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The question: My doctor has recently retired. I'd like to use the opportunity to find a new doctor. It's been so long now, but what are some factors I should consider in making my decision?

The answer: Your family doctor should be a trusted source of health knowledge that gives you guidance regarding medical decisions. Having a trusting and respectful relationship with your doctor is incredibly important, as you need to feel comfortable sharing personal information that may effect your health and your family.

While clinical expertise, professional standing and rapport are all key factors we all look for, here are a few other things to consider when choosing your next family doctor:

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1. Is their office conveniently located?

When we're sick, you want easy access to health care, so keep in mind the location of your doctor's office. You want a location that is convenient and accessible (easy parking or subway access). Some of my patients choose our office because it's located downtown near their work, so if they need care, they can come by during their work day. Alternatively, having a doctor close to home may be important to you, especially if you have small children and need quick access in your own neighbourhood. Check out your provincial College of Physicians and Surgeon website for their search tools, which use your postal code to find the closest clinics to your home or workplace.

2. Does this doctor have a specific scope of practice?

While most family doctors in Canada provide general care to all ages of patients, some do choose to narrow their scope of practice to an area that they have honed an expertise in. For example, if you have a young family with kids, ask about your doctor's comfort in seeing children. If you have a special need such as a chronic pain condition or require counselling support, some doctors may have an interest in these areas, which may help you feel more comfortable in seeking their care.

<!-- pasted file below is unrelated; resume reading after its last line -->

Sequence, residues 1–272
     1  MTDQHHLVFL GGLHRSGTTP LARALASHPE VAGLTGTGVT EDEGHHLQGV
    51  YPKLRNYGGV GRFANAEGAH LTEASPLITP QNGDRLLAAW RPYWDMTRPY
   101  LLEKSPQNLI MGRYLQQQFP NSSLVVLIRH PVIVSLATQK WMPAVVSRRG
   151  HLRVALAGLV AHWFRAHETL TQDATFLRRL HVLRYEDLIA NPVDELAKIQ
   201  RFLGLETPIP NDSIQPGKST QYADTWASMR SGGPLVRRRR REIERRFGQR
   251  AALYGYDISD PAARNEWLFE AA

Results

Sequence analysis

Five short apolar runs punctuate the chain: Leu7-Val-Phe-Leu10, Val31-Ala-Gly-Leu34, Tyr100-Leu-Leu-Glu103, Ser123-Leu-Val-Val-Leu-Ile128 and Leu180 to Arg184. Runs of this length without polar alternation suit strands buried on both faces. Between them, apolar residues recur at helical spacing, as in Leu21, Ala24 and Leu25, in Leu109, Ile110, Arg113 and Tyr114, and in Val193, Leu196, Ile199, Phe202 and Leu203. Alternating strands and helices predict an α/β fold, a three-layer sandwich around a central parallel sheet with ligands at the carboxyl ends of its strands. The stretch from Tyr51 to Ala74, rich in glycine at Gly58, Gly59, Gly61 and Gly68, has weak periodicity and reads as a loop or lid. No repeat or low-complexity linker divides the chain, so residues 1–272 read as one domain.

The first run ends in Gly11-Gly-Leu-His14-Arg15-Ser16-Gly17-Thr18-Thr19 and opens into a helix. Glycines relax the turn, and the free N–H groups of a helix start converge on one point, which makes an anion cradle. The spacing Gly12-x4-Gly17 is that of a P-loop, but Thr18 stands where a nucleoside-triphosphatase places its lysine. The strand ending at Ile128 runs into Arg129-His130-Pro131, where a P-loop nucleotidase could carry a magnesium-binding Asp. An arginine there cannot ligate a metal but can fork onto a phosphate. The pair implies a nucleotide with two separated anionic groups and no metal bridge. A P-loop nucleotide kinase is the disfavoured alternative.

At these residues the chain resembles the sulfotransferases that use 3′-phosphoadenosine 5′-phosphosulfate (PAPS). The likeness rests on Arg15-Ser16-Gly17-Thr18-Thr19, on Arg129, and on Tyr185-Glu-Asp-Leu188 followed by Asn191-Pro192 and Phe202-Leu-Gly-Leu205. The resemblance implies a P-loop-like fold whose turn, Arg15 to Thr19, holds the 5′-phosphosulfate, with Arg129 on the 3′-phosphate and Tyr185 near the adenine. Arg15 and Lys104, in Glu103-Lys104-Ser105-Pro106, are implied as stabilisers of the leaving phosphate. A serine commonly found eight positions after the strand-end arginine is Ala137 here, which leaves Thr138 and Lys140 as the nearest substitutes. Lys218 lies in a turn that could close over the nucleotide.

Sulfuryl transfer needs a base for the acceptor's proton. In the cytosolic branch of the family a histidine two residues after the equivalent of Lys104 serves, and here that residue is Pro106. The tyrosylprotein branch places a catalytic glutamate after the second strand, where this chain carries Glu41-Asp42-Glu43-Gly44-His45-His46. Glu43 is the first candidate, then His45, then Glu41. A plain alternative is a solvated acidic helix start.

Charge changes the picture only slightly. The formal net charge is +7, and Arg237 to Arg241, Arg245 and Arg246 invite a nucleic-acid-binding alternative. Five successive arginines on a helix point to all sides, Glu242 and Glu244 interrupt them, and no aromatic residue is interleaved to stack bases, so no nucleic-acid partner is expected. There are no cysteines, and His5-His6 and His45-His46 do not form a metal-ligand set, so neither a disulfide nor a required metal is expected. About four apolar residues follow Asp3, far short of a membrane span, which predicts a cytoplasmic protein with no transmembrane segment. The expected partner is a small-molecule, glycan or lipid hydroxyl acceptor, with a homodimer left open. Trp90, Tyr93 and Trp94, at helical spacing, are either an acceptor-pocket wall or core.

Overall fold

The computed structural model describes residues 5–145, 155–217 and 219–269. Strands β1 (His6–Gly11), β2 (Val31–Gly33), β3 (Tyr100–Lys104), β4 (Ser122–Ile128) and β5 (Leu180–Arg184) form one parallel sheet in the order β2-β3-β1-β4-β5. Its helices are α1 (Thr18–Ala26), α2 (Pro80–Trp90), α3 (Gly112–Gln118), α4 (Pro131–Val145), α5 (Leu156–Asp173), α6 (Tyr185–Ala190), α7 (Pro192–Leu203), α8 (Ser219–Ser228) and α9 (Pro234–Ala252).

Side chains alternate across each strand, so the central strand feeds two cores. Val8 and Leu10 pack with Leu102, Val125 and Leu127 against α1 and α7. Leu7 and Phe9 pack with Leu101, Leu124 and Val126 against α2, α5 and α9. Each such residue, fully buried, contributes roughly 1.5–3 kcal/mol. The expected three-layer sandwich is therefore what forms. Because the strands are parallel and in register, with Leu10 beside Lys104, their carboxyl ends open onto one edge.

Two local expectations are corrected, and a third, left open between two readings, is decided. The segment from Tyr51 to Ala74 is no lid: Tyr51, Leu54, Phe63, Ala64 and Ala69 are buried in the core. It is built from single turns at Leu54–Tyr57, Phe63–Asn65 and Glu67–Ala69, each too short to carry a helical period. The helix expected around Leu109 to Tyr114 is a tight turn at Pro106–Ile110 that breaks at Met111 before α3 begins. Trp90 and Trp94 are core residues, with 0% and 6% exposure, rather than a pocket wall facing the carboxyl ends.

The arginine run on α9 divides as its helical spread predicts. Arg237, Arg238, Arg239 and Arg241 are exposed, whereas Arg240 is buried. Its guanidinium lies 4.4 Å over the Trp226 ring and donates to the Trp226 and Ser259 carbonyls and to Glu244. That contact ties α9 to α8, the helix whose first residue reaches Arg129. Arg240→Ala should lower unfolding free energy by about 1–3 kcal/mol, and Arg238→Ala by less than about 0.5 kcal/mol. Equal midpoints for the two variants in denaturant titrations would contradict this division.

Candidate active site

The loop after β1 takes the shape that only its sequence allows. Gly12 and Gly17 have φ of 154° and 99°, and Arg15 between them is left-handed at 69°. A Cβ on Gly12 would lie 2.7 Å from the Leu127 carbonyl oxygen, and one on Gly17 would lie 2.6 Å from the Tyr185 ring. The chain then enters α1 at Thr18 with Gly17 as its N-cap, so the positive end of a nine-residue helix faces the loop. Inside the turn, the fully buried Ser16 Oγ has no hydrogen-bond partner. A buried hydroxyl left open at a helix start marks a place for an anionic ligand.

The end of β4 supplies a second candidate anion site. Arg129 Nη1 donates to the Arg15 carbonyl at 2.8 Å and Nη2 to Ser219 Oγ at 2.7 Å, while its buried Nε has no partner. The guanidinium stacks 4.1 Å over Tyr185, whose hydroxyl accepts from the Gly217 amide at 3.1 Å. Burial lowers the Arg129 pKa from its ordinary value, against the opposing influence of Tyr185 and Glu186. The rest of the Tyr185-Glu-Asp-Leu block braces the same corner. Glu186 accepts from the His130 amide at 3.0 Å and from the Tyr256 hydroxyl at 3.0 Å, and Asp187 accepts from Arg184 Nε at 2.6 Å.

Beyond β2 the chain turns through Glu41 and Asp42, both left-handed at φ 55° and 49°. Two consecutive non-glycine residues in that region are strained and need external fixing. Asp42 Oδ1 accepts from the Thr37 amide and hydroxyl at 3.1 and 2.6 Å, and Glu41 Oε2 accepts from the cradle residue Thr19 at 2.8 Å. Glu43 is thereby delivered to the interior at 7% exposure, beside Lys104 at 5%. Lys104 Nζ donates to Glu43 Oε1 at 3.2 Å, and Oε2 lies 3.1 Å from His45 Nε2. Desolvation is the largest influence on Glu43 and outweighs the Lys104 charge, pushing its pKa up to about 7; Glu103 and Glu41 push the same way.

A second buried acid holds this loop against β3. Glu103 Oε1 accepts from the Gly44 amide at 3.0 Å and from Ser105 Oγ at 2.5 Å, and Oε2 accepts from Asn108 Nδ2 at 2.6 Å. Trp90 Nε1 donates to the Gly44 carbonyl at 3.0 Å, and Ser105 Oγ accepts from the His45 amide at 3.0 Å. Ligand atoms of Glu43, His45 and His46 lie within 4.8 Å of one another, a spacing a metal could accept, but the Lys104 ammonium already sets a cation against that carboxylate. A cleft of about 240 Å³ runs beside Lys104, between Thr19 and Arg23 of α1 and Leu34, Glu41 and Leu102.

3. How available is your doctor?

Find out when your doctor works during the week. Do they offer after-hours services and same-day care if needed? You should also find out if they work in a group practice with other doctors, or on their own in a solo practice. If they work in a group setting, they will often cross-cover for each other when they are away, so it ensures more availability to you.

4. Does age matter to you?

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Consider the age of your doctor: It may be important to you and even impact your confidence in them. Some patients like to see older physicians, given the experience they may have. Others prefer seeing newer graduates, as they may have more up-to-date information.

5. Language needs?

If English is not your your first language, looking for a doctor who speaks your native tongue will help you communicate your health problems with more ease. If finding a doctor who speaks the same language is not possible, ask if the clinic has translating services available to you.

Ultimately, the search for a family doctor is a very personal one: Find someone that you can trust; is available to see you in a convenient location; will be there when you get sick; will give advice on preventing illness. While it can be challenging to find a doctor due to shortages in our health-care system, this is a vital relationship that you may have for many years to come. To find the best fit for you, choose carefully and be honest about what you are looking for in a doctor.

Dr. Sheila Wijayasinghe is the medical director at the Immigrant Womens' Health Centre, works as a staff physician at St. Michael's Hospital in their Family Practice Unit and at Hassle Free Clinic, and established and runs an on-site clinic at Women's Habitat Shelter in Etobicoke.

Click here to submit your questions. Our Health Experts will answer select questions, which could appear in The Globe and Mail and/or on The Globe and Mail website. Your name will not be published if your question is chosen.

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The content provided in The Globe and Mail's Ask a Health Expert centre is for information purposes only and is neither intended to be relied upon nor to be a substitute for professional medical advice, diagnosis or treatment.

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